Review: 2015 Toyota Sienna
If you look at the Sienna as a tool, you won't be disappointed.
It's an implement made for two purposes: carrying a bunch of people and their stuff comfortably, and being inoffensive. It succeeds in both.
I'll come back to that in a bit.
My first impression upon getting into the Sienna was that it's absolutely huge! Your brain will think you just set off in a city bus. The upside to this is that there's huge amounts of room in all directions, in all three rows. You could organize a twelve-hour drive with seven six-footers and everyone would be happy in the end.
The downside of this, however, is...well, there isn't one. It drives smaller than it feels and has a very tight turning radius. The suspension soaks up any bumps – not to the extent of the outgoing Chrysler minivans, but you do get a bit more road feel to compensate. As a result, body roll is – relatively speaking – non-existent.
Translation: this car's pleasantly easy to drive. It has the space of a bus without any of the downsides.
Power is good, as well. Toyota's good ol' 3.5L V6 gives you more than enough power to merge onto the highway, or pass someone afterward. I suppose one could even easily maintain an even higher speed, while enjoying the absolute invisibility of a silver minivan and the good fuel economy of this one in particular...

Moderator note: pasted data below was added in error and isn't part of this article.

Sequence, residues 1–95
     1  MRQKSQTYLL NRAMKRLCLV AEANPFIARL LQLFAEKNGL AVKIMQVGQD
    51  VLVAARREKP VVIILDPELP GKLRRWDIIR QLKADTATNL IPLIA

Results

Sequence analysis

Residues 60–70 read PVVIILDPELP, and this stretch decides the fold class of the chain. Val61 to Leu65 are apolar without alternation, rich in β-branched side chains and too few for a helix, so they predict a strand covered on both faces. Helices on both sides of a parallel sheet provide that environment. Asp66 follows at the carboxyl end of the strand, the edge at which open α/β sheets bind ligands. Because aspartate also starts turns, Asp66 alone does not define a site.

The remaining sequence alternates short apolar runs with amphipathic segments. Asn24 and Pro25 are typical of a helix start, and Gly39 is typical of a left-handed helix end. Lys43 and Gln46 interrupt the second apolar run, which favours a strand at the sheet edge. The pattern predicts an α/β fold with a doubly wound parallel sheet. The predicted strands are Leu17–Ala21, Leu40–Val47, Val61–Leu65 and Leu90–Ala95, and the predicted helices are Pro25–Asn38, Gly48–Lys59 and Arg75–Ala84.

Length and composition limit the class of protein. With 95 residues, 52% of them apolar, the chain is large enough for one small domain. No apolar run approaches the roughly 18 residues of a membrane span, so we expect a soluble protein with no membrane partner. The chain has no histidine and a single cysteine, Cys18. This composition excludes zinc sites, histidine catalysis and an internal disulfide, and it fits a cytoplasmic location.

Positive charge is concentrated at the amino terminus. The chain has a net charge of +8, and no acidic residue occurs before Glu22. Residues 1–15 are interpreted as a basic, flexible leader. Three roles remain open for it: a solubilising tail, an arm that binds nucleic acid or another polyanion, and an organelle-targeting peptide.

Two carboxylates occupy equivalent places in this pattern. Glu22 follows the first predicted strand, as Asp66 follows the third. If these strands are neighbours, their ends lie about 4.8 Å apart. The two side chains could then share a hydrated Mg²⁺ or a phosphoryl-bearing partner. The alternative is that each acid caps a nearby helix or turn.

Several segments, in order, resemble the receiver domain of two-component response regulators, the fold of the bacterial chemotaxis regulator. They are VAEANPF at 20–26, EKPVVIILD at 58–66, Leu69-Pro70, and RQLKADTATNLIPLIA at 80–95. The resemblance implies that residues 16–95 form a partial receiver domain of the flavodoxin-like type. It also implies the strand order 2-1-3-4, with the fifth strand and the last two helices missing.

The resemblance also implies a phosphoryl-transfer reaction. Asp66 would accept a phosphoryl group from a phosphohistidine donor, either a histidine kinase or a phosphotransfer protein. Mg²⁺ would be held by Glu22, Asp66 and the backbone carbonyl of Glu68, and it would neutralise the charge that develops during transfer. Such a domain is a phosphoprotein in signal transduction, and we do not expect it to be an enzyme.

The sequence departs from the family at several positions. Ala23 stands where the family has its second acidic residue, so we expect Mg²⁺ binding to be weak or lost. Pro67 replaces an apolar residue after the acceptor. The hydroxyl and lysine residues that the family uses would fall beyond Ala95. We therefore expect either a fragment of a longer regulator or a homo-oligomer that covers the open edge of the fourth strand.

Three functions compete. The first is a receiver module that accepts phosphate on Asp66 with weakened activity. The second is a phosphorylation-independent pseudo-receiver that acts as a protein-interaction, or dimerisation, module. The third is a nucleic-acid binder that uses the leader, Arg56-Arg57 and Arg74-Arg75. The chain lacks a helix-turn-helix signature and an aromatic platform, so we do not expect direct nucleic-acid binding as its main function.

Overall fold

I can see why all van taxis here are Siennas.
The middle-row seats don't fold into the floor like Chryslers' – that's because they slide and recline like those in an airplane's first class. The third row reclines as well, folding into the giant well between it and the liftgate for when it's not needed.
The materials inside are all decent. Everything is either soft or smooth to the touch, as there isn't a slab of cheap, hard, modern plastic.
There are downsides to be found, though: the brakes are weak, quite a bit of road noise gets into the cabin, and the (mercifully standard) backup camera is very necessary. Also, the manual mode, oddly, defaults to fourth gear every time, the four standard speakers are pretty bad, and the touchscreen needs to be more responsive.
Still, look at this van as a tool and you'll like it.
Perhaps the happiest choice is to limit the options and buy this base model or the LE above it. You won't be paying for wanna-be luxury features that frankly don't fit this car – you'll have a well-priced inter-city coach that drives like a car and is good at what it does.
Posted by Uroš M. on 4/03/2016 04:18:00 PM